Her background as an actor (she has appeared in over 100 different projects) helped her connect with the group she’d assembled for The Animal Project, and exploring the dynamics of the unknown alongside the film’s talent was very important to her going into the film.

“It was kind of a test of faith. I wanted to take a leap into challenging myself in a different way. I wanted the creators, the actors, and the crew to take [the test] with me. If no one was with me, The Animal Project wouldn’t exist,” she says. “Some of the ideas in the film are about performance and about authenticity. Acting is about being truthful in the moment, but it’s also about lying. Actors are professional liars, and I really wanted this film to be raw in its performance. The actors are really naked up there, and being naked is a really important part of The Animal Project.”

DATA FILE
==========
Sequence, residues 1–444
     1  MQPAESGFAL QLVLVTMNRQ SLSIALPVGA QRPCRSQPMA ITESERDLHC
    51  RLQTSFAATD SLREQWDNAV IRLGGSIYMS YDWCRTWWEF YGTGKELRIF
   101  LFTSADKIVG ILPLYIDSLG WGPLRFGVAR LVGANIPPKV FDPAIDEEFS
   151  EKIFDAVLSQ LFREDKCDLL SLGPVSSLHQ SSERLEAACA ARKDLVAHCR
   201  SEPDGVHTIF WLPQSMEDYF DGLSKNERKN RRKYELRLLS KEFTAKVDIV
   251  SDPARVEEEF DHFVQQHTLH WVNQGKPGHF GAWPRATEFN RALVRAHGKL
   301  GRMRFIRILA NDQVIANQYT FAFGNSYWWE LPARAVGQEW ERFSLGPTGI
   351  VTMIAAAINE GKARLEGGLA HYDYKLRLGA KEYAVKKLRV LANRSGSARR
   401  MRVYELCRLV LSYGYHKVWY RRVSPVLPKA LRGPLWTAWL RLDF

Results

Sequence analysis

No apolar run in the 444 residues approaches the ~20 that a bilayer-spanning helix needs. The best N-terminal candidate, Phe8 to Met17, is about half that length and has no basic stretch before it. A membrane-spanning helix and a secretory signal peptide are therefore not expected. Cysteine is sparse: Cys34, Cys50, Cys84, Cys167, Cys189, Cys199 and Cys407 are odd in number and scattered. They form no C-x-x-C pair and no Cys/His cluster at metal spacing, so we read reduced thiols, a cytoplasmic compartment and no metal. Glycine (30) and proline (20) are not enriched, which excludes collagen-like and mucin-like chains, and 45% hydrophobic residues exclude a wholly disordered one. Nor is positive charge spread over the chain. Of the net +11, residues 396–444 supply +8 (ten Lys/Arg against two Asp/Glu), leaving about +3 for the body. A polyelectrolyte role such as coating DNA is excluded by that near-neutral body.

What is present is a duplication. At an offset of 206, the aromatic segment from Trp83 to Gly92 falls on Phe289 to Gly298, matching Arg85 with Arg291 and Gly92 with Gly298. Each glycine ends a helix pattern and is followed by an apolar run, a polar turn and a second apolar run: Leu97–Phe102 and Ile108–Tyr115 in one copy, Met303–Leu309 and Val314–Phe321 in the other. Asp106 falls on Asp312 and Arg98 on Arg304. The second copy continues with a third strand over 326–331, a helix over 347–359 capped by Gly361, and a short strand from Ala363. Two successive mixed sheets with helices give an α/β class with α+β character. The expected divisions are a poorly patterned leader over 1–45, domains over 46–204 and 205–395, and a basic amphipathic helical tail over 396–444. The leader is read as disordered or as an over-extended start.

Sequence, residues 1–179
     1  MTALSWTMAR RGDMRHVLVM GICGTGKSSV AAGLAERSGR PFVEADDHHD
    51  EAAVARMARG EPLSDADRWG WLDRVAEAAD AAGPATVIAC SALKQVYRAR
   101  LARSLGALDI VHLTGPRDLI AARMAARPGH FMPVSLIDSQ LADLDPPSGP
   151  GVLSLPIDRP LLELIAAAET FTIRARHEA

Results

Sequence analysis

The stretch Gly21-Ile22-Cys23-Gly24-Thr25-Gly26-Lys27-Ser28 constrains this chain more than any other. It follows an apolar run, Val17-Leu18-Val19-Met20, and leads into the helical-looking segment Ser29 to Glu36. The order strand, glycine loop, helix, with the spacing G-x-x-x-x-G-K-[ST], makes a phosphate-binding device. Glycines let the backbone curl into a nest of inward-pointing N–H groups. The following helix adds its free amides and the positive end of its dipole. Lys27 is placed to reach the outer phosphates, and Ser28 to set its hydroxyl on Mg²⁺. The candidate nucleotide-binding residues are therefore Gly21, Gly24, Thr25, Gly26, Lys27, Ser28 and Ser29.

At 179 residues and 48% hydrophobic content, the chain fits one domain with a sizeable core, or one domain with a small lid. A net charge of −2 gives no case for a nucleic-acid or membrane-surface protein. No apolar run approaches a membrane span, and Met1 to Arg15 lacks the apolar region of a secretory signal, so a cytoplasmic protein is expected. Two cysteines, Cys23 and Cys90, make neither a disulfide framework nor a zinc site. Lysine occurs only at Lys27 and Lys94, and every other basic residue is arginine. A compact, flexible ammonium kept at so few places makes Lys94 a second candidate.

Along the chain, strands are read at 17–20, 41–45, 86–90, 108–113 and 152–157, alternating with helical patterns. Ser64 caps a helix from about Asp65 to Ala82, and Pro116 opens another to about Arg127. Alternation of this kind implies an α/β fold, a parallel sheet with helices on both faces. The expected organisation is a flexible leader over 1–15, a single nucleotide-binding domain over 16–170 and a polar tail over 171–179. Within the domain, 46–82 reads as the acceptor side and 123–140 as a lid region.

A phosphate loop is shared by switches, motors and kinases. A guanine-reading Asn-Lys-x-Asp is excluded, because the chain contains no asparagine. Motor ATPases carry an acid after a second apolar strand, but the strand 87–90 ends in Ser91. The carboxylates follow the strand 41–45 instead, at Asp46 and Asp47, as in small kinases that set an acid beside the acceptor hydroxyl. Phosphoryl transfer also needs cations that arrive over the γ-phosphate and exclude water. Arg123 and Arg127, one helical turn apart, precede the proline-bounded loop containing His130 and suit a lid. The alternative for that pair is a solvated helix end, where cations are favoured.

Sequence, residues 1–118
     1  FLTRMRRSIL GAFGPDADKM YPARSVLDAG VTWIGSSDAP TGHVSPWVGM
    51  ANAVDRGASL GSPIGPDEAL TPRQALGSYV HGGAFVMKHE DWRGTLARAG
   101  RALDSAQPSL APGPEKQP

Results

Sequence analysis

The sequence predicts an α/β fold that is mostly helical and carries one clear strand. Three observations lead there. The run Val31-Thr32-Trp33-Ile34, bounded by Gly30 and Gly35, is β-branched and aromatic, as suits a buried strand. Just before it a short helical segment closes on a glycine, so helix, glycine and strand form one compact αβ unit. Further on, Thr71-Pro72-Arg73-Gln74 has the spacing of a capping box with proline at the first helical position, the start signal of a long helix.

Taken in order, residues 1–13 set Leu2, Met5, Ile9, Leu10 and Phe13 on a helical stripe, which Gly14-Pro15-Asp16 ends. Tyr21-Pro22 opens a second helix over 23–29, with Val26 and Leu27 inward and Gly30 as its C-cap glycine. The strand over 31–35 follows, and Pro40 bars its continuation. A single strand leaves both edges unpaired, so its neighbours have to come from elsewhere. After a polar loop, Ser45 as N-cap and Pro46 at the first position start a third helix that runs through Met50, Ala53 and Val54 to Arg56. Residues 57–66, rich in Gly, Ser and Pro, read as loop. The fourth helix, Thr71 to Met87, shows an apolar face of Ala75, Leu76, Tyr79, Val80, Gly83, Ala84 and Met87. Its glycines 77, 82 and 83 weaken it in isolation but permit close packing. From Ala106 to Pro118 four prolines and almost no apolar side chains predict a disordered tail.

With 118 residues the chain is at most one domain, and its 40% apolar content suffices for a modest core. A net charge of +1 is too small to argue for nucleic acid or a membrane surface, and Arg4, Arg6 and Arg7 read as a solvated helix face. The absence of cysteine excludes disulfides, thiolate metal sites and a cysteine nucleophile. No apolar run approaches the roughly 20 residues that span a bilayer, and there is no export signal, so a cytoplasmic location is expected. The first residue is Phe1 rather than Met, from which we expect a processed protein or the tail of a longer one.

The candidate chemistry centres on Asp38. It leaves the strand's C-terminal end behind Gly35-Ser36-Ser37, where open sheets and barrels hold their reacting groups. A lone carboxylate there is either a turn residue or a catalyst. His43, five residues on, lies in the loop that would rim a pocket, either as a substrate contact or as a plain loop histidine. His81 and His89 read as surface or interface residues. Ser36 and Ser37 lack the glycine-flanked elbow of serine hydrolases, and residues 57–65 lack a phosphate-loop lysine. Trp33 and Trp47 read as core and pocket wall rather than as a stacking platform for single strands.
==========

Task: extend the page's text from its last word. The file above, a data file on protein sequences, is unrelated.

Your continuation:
The film is certainly a marvel for its uniqueness. There’s an ever-flowing emotional current running throughout the film, which follows a group of diverse characters as they embark on a new acting project (and bouts with self-discovery as a result) together, but that current is urgent without being pushy. Since the actors, characters, Veninger, and the audience are each jumping into this experiment together, it puts us all on the same plane. Everyone wins when they’re playing on one team, and Veninger has created a film that requires an equal amount of investment from all participants.

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“I took a leap into a process that was kind of irrational, but that I had an instinct about. The actors took a leap also, being full of fear, being quasi-trusting, and had an instinct about it being worthwhile. The characters took a similar leap in becoming part of The Animal Project, but do it and it’s irrational and it could fail and lead nowhere, but they do it. The audience is taking a leap into the film, too, as an audience watching something that’s irregular and odd and unconventional and shouldn’t really work, and hopefully it does in some way. That makes it feel original and fresh and exciting.”